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CoreLogic has released its March 2015 CoreLogic Home Price Index (HPI) which shows that home prices nationwide, including distressed sales, increased by 5.9 percent in March 2015 compared with March 2014. This change represents 37 months of consecutive year-over-year increases in home prices nationally. On a month-over-month basis, home prices nationwide, including distressed sales, increased by two percent in March 2015 compared with February 2015. Including distressed sales in March, 27 states plus the District of Columbia, were at or within 10 percent of their peak prices. Seven states, including Colorado, Nebraska, New York, Oklahoma, Tennessee, Texas and Wyoming, reached new home price highs since January 1976 when the CoreLogic HPI started.
Excluding distressed sales, home prices increased by 6.1 percent in March 2015 compared with March 2014 and increased by two percent month over month compared with February 2015. Excluding distressed sales, only New Mexico (0.4 percent) showed year-over-year depreciation in March. Distressed sales include short sales and real estate-owned (REO) transactions.
The CoreLogic HPI Forecast indicates that home prices, including distressed sales, are projected to increase by 0.8 percent month over month from March 2015 to April 2015 and on a year-over-year basis by 5.1 percent from March 2015 to March 2016. Excluding distressed sales, home prices are expected to increase by 0.7 percent month over month from March 2015 to April 2015 and by 4.7 percent year-over-year from March 2015 to March 2016. The CoreLogic HPI Forecast is a projection of home prices using the CoreLogic HPI and other economic variables. Values are derived from state-level forecasts by weighting indices according to the number of owner-occupied households for each state.
“The homes for sale inventory continues to be limited while buyer demand has picked up with low mortgage rates and improving consumer confidence,” said Frank Nothaft, chief economist for CoreLogic. “As a result, there has been continued upward pressure on prices in most markets, with our national monthly index up 2 percent for March 2015 and up approximately six percent from a year ago.”
“All signs are pointing toward continued price appreciation throughout 2015. In fact, the strong month-over-month gain in March may be a harbinger of accelerating price appreciation as we enter the spring selling season,” said Anand Nallathambi, president and CEO of CoreLogic. “Tight inventories, job growth and the inexorable impact of demographics and household formation are pushing price levels in many states, and especially large metropolitan areas like Dallas, Denver, Houston, Seattle and San Francisco, toward record levels.”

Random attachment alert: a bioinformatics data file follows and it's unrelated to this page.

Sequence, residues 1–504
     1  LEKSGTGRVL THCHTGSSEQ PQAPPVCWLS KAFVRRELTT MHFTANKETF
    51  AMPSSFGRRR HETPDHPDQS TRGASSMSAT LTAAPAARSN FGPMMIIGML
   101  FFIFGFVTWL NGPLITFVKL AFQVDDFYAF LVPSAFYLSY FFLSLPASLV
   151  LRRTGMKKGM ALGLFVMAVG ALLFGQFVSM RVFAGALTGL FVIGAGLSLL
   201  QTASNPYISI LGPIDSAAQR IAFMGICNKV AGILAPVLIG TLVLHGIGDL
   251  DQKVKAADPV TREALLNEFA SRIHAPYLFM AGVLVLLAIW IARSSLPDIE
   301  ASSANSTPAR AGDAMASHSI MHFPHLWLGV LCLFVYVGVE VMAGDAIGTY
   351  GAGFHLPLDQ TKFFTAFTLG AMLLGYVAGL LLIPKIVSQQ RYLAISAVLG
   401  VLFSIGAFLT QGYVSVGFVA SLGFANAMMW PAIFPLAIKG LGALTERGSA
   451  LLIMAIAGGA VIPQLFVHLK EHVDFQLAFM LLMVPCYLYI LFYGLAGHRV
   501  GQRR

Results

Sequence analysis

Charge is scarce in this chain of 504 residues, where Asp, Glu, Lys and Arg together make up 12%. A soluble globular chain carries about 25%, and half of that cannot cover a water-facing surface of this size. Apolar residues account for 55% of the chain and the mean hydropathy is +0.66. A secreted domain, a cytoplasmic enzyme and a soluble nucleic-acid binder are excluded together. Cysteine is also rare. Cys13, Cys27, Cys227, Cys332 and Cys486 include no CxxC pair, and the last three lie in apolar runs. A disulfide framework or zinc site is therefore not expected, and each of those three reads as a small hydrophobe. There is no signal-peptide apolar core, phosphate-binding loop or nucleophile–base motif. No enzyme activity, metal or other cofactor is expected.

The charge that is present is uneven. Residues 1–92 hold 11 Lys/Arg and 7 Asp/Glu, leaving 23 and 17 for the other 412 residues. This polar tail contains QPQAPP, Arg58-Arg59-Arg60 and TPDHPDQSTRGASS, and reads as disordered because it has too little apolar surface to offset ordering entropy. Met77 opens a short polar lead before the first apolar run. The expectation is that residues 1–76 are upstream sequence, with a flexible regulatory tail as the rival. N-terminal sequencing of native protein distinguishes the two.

Highlights as of March 2015:
►Including distressed sales, the five states with the highest home price appreciation were: Colorado (+9.2 percent), South Carolina (+9.1 percent), Kansas (+8 percent), Texas (+8 percent) and Nevada (+7.6 percent).
►Excluding distressed sales, the five states with the highest home price appreciation were: Kansas (+9.5 percent), Colorado (+8.5 percent), South Carolina (+8.2 percent), Florida (+7.9 percent) and Texas (+7.6 percent).
►Including distressed transactions, the peak-to-current change in the national HPI (from April 2006 to March 2015) was -11 percent. Excluding distressed transactions, the peak-to-current change for the same period was -6.7 percent.
►Including distressed sales, two states and the District of Columbia experienced home price depreciation at the following rates: Connecticut (-0.6 percent), the District of Columbia (-0.2 percent) and Maryland (-0.1 percent).
►The five states with the largest peak-to-current declines, including distressed transactions, were: Nevada (-34.7 percent), Florida (-31.5 percent), Rhode Island (-29 percent), Arizona (-27.4 percent) and Connecticut (-25.5 percent).
►Ninety of the top 100 Core Based Statistical Areas (CBSAs) measured by population showed year-over-year increases in March 2015. The 10 CBSAs that showed year-over-year declines were: Baltimore-Columbia-Towson, Md.; Philadelphia, Pa.; Camden, N.J.; Hartford-West Hartford-East Hartford, Conn.; New Orleans-Metairie, La.; Rochester, N.Y.; Worcester, Mass.-Conn..; Albany-Schenectady-Troy, N.Y.; New Haven-Milford, Conn. and Wilmington, Del.-Md.-N.J.